The findings of the poll were not only intriguing, but in many ways inspiring. Broadly, the results cover young peoples’ doubts and hesitations about their lives, those of their families, and the societies in which they live. The results also reveal their hopes and aspirations and, most importantly, their beliefs in themselves.
An in-depth analysis of a few critical topics covered within the poll is illustrative. Beginning with personal future outlook, it is striking to observe that young people are widely pessimistic about the world they will inherit.
This is illustrated by responses shown in the charts below. As one can see in Chart 1, more than 50 percent of young people in each country either strongly or somewhat agree that they do not have the same chances of success as past generations.
This is true for 52 percent of respondents in the U.S., 58 percent in Russia, 59 percent in Japan, and climbs to 69 percent in China and 72 percent in South Korea.
When it comes to job prospects, young people are even more pessimistic. As Chart 2 indicates, well over 60 percent of young people agree that it is too hard to get a good job that pays enough to live well. In this area the U.S. has the lowest levels of pessimism, yet the percentage runs as high as 62 percent. Japan follows the increasing trend with 69 percent. South Korea, China, and Russia experience even higher levels tallying over 80 percent in each country.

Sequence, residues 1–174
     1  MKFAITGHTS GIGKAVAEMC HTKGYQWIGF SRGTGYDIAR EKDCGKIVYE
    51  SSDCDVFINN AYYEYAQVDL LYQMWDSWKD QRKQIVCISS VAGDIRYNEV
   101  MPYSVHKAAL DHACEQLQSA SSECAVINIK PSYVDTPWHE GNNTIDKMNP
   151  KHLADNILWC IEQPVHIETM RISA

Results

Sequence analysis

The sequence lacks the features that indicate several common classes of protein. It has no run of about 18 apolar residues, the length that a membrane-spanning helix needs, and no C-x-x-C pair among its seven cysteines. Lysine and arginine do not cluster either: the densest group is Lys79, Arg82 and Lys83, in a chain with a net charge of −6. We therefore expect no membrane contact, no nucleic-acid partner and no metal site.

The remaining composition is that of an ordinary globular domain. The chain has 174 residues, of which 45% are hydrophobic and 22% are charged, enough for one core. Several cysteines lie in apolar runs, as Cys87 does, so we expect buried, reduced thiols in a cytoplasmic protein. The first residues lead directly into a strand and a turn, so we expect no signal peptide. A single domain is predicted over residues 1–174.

Unfortunately, prospects are even worse when young people are asked whether they believe society as a whole is “open and fair to everyone.” Respondents’ answers, shown in Charts 3 and 4 below, represent perhaps the most striking result of the entire poll.